Mathematics in light of free energy

In my last post I tried to argue that Humberto Maturana’s biology of language might have something to say about the biological nature of mathematics. This biology of language that Maturana proposes is understood in the context of autopoiesis (the continuous self-creation of any living system) that is his fundamental definition of life. I gave a far too quick account of a related theory (Karl Friston’s free energy principle) at the end of the post, citing it as a powerful extension of Maturana’s provocative ideas.

Building a convincing account of autopoiesis is a book-length enterprise. And the free energy principle is a mathematically complex idea. So I didn’t do justice to either of them in that post. But they are both important to a sense I’ve had, for a number of years now, that mathematics does have a biological nature. Today, I want to make the argument again, but a little differently. I’ll begin with some references to studies that have caught my attention because they concern mathematical behavior in insects. A very recent Science article reported on a study that suggests that bees are capable of responding to symbolic representations of addition and subtraction operations. It was a small study (just 14 bees), but the bees were trained to associate addition with the color blue and subtraction with the color yellow

Over the course of 100 appetitive-aversive (reward-punishment) reinforced choices, honeybees were trained to add or subtract one element based on the color of a sample stimulus.

The bees were placed at the entrance of a Y-shaped maze, where they were shown several shapes in either yellow or blue. If the shapes were blue, bees got a reward for choosing a set of objects at the end of the maze that was equal to the first number of shapes plus one. If the first set was yellow, they got a reward for choosing the set of shapes at the end of the maze that was equal to the first number shapes minus one. The alternative or incorrect choice could have more than one shape added, or it could have a smaller number of shapes than the initial set. The bees made the right choice 63% to 72% of the time, much better than random choices would allow.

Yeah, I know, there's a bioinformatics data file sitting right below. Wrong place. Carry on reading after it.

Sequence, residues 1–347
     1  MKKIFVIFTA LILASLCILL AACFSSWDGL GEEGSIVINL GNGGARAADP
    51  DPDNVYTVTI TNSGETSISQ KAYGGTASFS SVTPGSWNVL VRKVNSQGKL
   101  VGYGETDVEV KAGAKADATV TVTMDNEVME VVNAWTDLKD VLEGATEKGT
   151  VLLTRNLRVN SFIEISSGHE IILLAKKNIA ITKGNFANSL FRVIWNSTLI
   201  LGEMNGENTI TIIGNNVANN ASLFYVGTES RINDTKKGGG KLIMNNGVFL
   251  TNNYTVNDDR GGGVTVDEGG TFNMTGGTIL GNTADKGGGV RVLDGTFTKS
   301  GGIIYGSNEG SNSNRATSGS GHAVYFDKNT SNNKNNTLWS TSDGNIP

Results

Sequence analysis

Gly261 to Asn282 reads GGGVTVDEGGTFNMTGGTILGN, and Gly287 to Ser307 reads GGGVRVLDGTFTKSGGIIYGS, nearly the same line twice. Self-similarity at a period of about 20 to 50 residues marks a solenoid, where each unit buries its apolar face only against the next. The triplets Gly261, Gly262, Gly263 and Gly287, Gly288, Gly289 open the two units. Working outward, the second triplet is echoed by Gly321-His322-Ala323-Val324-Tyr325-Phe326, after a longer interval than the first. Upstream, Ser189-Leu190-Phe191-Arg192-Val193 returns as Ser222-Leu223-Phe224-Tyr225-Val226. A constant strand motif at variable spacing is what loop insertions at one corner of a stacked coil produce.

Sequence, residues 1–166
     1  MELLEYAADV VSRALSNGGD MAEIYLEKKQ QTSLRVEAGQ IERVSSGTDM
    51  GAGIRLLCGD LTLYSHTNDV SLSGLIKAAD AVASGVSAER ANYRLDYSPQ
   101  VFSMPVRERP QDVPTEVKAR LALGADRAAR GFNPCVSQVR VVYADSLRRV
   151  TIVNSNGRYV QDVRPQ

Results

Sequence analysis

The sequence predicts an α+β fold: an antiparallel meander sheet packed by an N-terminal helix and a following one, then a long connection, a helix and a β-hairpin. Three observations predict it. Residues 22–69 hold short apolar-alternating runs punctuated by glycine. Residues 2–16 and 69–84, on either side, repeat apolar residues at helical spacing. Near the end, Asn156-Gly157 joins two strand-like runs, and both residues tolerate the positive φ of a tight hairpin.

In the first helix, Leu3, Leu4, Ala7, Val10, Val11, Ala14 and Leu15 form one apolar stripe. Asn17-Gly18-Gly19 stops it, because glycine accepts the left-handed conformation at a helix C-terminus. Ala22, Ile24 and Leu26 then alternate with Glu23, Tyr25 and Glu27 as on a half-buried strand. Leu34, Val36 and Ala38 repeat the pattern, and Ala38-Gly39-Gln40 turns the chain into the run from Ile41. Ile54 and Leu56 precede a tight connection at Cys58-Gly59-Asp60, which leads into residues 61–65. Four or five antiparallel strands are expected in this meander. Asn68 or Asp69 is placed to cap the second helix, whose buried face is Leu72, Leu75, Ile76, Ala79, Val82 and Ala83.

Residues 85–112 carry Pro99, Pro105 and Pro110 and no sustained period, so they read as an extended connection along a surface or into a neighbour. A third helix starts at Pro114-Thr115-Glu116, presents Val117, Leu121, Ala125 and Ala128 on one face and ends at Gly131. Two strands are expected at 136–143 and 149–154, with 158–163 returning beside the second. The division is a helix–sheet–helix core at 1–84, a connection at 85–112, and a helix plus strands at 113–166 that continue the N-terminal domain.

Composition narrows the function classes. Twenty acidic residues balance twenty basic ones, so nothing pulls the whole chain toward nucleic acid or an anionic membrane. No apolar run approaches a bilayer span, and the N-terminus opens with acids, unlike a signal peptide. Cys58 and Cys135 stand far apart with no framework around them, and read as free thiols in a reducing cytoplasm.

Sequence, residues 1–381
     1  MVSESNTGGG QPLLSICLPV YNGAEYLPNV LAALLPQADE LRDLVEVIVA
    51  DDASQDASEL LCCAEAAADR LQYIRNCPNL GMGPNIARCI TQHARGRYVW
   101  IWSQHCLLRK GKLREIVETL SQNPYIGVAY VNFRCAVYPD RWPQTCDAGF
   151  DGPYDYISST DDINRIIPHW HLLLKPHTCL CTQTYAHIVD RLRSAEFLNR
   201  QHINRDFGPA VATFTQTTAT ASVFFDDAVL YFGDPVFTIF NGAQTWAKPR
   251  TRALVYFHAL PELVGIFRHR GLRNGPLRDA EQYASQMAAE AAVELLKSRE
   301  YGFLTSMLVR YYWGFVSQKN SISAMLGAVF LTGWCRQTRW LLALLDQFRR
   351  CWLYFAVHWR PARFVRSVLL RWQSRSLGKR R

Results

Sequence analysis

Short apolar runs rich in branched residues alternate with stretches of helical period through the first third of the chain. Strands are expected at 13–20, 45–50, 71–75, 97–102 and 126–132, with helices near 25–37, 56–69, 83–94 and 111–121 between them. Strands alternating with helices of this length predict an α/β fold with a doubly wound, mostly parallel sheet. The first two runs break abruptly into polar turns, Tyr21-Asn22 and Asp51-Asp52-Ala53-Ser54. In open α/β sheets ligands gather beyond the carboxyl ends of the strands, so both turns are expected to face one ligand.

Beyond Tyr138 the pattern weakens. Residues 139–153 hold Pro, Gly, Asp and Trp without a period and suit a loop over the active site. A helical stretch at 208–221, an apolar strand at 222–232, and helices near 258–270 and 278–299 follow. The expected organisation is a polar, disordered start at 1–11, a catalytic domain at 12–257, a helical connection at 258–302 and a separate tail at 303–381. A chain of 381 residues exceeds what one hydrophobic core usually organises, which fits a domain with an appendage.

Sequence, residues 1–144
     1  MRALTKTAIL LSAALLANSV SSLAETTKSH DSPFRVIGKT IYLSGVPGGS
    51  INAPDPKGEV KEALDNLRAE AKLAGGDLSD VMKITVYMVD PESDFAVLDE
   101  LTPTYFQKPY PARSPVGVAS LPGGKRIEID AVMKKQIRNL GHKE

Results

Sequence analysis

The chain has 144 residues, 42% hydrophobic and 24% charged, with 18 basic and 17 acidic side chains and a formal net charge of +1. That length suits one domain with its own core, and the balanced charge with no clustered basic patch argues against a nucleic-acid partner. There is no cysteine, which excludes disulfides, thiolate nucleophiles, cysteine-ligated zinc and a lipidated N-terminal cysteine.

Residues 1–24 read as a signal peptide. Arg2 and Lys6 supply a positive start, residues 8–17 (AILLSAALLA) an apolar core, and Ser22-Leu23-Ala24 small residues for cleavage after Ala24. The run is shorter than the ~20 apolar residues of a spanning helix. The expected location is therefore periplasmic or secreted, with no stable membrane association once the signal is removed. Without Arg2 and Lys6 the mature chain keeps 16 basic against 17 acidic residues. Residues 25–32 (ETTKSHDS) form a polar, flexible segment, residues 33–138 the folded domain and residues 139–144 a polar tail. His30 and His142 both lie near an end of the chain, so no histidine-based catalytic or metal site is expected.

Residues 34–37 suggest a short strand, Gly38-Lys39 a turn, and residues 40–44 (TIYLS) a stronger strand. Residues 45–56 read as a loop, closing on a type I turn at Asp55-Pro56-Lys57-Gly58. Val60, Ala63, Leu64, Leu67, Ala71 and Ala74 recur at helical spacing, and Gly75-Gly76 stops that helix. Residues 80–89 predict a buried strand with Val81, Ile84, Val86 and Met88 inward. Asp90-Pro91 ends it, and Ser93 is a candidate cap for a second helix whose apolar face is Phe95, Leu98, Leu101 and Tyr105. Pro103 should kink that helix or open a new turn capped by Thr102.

The full study can be found here. In their introduction they explain why these bees are worth looking at.

Honeybees are a model for insect cognition and vision. Bees have demonstrated the ability to learn a number of rules and concepts to solve problems such as “left/right,“ above/below”, “same/different,” and “larger/smaller.” Honeybees have also shown some capacity for counting and number discrimination when trained using an appetitive (reward- only) differential conditioning framework. Recent advances in training protocols reveal that bees perform significantly better on perceptually difficult tasks when trained with an appetitive-aversive (reward-punishment) differential conditioning framework. This improved learning capacity is linked to attention in bees, and attention is a key aspect of advanced numerosity and spatial processing abilities in the human brain. Using this conditioning protocol, honeybees were recently shown to acquire the numerical rules of “greater than” and “less than” and subsequently apply these rules to demonstrate an understanding that an empty set, zero, lies at the lower end of the numerical continuum.

I understand being impressed with the fact that bees can acquire this kind of discriminating ability. But not so clear is why they are structurally capable of such things. I would argue that it’s because their living relies on the presence of structure that allows these kinds of responses. This is the level that interests me.

Here are a few clips from past posts::

Riemann, angelfish and ants

Ants were seen to communicate some kind of numerical information about the location of food.

In the described experiments scouting ants actively manipulated with quantities, as they had to transfer to foragers in a laboratory nest the information about which branch of a ‘counting maze’ they had to go to in order to obtain syrup…

The likely explanation of the results concerning ants’ ability to find the ‘right’ branch is that they can evaluate the number of the branch in the sequence of branches in the maze and transmit this information to each other. Presumably, a scout could pass messages not about the number of the branch but about the distance to it or about the number of steps and so on. What is important is that even if ants operate with distance or with the number of steps, this shows that they are able to use quantitative values and pass on exact information about them.